At the beginning of this week, I wasn’t feeling particularly thankful. It was surprisingly easy for me to focus on what I felt like I was missing back home: everyone beginning their long holiday weekends, posted pictures of delicious food of which I would not be able to partake and this year being the first Thanksgiving that my family would not be together. I spent a majority of Monday and Tuesday dwelling on these thoughts and labeling them as missed opportunities.
That all came to a screeching halt on Wednesday afternoon when I was graciously smacked in the face with a little bit of perspective. As I sat down to eat our ever-monotonous lunch choices of peanut butter and jelly or tuna salad, I overheard a friend of mine discussing the exact feelings that I had been struggling with internally. Instead of continuing to focus on family back home and what we were missing, he turned to look out over the mountains, towards the water, and simply said, “We have so much to be thankful for here.” Immediately, things snapped into focus as I thought, “Duh! Why didn’t I think of that?!” How selfish of me to live in a country where there is so much need, having all of my needs met, and still focusing on the things I can’t have.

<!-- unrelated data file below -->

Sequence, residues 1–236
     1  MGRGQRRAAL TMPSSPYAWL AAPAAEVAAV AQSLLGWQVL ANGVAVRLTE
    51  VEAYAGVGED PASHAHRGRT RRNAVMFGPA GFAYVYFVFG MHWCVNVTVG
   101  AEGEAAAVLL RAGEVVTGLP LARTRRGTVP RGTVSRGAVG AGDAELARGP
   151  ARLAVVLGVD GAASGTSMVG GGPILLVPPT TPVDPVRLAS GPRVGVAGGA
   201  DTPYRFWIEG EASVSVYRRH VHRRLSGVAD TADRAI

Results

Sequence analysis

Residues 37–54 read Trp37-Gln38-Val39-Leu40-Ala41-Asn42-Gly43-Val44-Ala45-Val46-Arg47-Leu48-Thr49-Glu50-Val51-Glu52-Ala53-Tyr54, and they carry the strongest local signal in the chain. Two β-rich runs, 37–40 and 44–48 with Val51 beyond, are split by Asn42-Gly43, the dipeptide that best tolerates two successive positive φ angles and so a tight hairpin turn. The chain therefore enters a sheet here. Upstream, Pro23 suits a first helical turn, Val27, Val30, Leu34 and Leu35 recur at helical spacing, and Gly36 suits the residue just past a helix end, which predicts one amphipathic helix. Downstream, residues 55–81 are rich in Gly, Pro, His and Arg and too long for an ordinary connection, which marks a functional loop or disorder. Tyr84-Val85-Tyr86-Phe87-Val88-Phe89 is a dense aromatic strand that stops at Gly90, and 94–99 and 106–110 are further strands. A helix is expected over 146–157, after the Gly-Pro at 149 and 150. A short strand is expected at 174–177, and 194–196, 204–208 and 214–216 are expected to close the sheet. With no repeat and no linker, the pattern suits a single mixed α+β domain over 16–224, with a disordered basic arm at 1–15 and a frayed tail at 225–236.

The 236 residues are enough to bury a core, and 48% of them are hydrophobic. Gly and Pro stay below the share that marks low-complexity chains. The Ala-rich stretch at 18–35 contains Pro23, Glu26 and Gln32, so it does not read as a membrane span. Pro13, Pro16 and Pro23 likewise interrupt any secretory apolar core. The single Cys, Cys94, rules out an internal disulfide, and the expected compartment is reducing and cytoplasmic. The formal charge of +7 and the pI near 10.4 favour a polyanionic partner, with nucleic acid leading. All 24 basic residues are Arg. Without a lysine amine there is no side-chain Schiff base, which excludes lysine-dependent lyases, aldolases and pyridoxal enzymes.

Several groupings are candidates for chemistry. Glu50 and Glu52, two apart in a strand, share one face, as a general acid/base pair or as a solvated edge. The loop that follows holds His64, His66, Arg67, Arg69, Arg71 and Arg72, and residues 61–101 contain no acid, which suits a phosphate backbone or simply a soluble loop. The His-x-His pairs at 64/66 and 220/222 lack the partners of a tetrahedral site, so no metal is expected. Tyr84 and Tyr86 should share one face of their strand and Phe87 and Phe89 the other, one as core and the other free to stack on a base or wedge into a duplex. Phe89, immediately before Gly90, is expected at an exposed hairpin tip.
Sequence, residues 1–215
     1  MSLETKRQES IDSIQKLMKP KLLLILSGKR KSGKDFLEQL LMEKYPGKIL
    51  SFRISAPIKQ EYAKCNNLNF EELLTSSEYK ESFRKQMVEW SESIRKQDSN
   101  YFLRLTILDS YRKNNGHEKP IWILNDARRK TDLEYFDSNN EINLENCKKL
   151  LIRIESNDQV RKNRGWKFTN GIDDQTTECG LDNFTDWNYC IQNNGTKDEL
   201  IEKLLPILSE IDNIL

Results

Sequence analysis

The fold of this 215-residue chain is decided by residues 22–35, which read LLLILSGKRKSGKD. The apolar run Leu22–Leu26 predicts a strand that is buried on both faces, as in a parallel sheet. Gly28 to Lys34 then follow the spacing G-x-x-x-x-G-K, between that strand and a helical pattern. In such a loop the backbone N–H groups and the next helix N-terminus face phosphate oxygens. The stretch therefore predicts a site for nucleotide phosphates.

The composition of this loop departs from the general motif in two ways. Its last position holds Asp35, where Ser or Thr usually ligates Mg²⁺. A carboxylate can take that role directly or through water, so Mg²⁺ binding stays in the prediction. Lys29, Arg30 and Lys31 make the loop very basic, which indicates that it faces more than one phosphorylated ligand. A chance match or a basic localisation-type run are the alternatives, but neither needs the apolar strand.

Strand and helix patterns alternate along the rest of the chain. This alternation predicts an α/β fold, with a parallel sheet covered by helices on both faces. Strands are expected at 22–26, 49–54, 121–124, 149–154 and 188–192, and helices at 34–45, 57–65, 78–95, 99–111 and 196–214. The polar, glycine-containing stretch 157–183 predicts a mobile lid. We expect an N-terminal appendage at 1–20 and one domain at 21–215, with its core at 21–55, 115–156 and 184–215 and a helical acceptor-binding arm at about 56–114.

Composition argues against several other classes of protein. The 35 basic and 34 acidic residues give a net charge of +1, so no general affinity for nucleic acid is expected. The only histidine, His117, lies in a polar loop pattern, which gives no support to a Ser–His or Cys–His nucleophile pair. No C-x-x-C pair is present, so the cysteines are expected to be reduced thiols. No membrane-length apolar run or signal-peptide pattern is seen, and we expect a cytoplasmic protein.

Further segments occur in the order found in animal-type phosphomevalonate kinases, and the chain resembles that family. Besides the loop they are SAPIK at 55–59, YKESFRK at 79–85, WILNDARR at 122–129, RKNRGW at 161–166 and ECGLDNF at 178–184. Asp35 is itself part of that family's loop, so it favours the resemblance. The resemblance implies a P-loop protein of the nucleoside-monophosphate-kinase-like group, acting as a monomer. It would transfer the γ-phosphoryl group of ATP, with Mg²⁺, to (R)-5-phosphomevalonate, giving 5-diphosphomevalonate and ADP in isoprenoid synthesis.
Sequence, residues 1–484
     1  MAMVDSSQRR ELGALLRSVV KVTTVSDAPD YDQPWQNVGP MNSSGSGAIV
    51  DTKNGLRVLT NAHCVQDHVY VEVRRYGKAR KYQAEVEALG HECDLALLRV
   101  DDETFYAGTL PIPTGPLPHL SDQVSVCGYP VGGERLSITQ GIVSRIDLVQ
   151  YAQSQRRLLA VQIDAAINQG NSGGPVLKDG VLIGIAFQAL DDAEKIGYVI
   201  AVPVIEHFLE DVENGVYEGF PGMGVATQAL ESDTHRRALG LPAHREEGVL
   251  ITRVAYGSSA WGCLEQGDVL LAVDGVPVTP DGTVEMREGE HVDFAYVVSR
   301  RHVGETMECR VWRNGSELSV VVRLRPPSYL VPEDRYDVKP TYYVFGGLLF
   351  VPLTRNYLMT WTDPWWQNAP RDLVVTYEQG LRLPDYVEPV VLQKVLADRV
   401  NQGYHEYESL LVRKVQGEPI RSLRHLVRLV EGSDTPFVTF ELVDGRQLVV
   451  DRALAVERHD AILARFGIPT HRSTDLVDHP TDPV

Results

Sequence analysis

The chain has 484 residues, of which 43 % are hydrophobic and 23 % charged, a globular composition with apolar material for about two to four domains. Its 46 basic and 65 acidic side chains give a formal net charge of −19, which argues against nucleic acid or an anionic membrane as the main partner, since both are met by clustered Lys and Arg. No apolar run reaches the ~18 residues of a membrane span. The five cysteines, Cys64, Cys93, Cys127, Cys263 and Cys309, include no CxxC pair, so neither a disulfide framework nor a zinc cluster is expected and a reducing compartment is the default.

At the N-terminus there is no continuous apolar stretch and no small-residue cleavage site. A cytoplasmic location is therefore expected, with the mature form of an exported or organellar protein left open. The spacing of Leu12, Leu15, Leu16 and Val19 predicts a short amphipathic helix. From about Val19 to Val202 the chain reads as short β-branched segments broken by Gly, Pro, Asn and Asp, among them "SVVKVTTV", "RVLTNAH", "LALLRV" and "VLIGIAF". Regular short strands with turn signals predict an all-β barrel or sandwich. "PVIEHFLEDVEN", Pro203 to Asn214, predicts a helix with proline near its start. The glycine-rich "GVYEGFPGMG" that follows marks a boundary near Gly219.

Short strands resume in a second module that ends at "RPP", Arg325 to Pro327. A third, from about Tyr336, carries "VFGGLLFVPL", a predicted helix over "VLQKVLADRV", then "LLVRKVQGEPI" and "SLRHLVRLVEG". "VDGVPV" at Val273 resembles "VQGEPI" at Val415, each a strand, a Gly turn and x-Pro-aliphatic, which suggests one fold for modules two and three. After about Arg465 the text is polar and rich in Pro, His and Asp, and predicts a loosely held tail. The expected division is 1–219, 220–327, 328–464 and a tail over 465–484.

In an attempt to counteract my extreme nearsightedness leading up to a holiday where we are supposed to focus on and be thankful for our many blessings, here are a list of things that I love about my life in Haiti and would never trade for any amount of turkey and stuffing:
- The opportunity to live in a country with so much potential and perseverance
- 3,000 students who I work with in freshly-pressed uniforms that daily commit to attending school at Mission of Hope despite the fact that education in Haiti is not mandatory
- A job right out of college that I LOVE
- The feeling of safety at Mission of Hope
- Two 15-pound turkeys that Publix donated to us for free so that we can have a little bit of home here in Haiti
- An amazing kitchen staff that worked all day on Thursday just to attempt to make us a traditional, American Thanksgiving dinner- even if it did involve unidentifiable toast & beef entrées (Thanksgiving is not celebrated in Haiti)
- Books that keep me inspired
- Access to a car that lets me explore Port-au-Prince every Saturday with friends
- A new internet tower with clear reception that allowed me to Skype into my family’s Thanksgiving dinner and almost feel like I’m homeThanksgiving day marking exactly one month until I greet my family at the Port-au-Prince airport for the first time
- The Haitian people whose lives and faith constantly humble me
- And 65 kids that think my name is “Cow” (Bef) and love me anyway.